Spain’s Prime Minister will travel to Barcelona to reopen separatist talks in Catalonia.
Pedro Sanchez, the Spanish Prime Minister, is in Barcelona on Wednesday to start talks with Catalonia’s separatist leadership about resolving the political crisis sparked by the region’s failed independence push in 2017.
Sanchez stated earlier this week that he will meet with Catalan leader Pere Aragones on September 15 for negotiations, which will begin about 1300 GMT.
In October 2017, the Catalan regional government held a referendum that was declared illegal by Madrid, followed by a declaration of independence that lasted only a few months, causing Spain’s worst political crisis in decades. Following the imprisonment of nine separatist leaders in Spain in 2019, violent riots erupted.
Even while hostilities have lessened, Catalonia has remained a prominent topic in Spanish politics, which Sanchez’s government has pledged to address through discussions.
On Monday, the prime minister stated, “The situation in Catalonia is substantially different, much more stable than it was in 2017 or in 2019.”
Sanchez decided to start talks in January 2020 after the ERC, Catalonia’s oldest and largest separatist party, offered his minority government essential legislative backing.
Initial discussions began a month later, but were quickly halted as the coronavirus pandemic spread.
This time, the chances of success are slim because both parties have drastically different expectations.
Separatists want amnesty for all those engaged in the failed independence bid, as well as a fresh vote on self-determination, this time with Madrid’s blessing.
Both are vehemently opposed by the Spanish government.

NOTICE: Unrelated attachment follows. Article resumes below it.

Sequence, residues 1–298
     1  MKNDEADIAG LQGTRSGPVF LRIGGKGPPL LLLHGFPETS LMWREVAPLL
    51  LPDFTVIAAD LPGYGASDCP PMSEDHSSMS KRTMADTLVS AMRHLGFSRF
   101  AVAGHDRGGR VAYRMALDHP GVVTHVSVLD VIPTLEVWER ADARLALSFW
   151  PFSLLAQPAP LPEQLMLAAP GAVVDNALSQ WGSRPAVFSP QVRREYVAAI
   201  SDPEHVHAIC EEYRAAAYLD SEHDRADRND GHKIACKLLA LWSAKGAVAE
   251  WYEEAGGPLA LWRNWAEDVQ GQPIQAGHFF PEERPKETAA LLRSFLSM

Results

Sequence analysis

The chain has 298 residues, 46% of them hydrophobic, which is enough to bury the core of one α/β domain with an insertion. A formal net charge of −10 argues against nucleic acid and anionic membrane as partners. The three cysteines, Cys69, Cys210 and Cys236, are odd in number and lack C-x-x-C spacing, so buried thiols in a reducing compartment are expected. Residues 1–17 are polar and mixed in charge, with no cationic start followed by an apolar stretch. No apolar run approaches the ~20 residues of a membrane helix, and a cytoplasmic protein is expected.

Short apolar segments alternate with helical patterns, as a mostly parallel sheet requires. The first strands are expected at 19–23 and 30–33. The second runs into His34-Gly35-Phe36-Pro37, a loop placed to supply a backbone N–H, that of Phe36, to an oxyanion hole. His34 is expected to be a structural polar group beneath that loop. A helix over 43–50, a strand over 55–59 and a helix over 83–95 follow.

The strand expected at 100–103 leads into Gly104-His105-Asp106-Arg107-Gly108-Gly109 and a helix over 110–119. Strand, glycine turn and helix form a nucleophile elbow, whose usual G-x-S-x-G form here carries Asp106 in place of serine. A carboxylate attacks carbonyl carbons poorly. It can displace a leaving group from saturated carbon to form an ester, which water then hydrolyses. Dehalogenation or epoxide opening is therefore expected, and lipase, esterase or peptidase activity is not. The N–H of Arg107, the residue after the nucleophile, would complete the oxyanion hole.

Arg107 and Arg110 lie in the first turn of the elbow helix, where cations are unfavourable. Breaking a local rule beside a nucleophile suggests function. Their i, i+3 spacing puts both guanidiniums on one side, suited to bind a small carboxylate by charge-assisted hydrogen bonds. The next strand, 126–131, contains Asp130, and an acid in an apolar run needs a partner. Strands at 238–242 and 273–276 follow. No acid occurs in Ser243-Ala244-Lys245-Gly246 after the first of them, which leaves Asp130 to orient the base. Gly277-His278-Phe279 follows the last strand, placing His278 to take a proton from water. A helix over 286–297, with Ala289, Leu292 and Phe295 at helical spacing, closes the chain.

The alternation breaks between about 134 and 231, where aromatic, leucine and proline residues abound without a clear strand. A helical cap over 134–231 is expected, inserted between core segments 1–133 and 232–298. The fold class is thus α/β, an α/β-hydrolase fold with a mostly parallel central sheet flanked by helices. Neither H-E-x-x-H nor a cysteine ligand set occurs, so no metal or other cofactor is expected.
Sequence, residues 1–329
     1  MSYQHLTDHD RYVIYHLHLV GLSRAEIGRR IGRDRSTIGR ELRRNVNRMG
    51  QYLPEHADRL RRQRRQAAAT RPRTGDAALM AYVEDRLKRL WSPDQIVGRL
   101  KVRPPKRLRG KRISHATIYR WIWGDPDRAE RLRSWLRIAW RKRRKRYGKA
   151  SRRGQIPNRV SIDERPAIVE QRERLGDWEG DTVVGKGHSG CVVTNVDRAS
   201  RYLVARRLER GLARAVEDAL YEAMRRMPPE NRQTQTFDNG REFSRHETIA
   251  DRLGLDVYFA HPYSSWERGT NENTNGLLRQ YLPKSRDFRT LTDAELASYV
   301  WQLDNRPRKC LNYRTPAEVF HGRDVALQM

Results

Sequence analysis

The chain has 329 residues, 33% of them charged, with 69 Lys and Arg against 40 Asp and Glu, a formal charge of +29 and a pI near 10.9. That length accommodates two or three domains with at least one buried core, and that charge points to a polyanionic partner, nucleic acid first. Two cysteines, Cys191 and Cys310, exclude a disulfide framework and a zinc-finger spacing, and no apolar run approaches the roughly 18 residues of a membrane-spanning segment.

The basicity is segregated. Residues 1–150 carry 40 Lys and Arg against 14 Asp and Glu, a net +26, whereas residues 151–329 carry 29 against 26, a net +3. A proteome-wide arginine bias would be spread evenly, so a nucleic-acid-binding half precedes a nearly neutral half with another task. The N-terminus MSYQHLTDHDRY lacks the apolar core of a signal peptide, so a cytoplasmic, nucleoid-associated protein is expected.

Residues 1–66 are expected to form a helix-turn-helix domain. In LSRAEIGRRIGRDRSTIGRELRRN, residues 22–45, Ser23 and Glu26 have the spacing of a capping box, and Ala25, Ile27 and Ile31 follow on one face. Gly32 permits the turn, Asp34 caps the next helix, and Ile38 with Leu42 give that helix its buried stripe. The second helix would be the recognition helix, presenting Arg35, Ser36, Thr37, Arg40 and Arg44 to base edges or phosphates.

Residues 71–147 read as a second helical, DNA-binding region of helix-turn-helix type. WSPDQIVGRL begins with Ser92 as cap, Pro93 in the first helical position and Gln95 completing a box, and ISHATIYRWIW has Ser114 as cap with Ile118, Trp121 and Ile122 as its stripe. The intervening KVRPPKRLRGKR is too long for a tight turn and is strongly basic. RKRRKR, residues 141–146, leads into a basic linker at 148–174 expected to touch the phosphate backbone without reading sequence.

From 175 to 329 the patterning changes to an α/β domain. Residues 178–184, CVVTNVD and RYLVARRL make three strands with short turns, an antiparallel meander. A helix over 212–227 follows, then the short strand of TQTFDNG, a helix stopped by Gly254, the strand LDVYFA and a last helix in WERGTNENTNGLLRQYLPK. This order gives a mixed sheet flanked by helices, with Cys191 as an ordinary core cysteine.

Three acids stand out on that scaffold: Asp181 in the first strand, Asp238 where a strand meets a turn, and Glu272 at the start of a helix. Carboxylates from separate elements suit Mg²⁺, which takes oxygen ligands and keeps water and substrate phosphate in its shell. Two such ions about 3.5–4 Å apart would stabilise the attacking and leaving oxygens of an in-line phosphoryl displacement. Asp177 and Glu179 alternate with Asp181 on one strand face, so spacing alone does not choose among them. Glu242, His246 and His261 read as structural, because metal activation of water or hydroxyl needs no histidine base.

“If we begin with a list of maximalist demands, the conversation won’t last very long,” Sanchez said, while acknowledging that he was open to a vote on Catalonia’s status inside Spain, but only within certain parameters.
“A democrat has no difficulty calling for a vote under the constitution, but it must be through agreement, not by going it alone.”
Since the referendum in October 2017 and the accompanying upheaval, a lot has changed. The separatist movement was dismembered and bitterly divided over how to move forward after those responsible were prosecuted and imprisoned, while others went abroad to avoid prosecution.
And the topic of engagement with Madrid has been a major source of contention in this 7.8 million-strong area, which remains divided over the issue of independence.
Despite the divisions, talks are expected to have a better chance this time due to a shake-up in Catalonia’s separatist-dominated leadership, with the moderate leftist ERC taking the reigns a few months ago.
Its hard-line rival JxC was in command the last time.
The change had an immediate impact: the Spanish administration had changed within weeks. Brief News from Washington Newsday.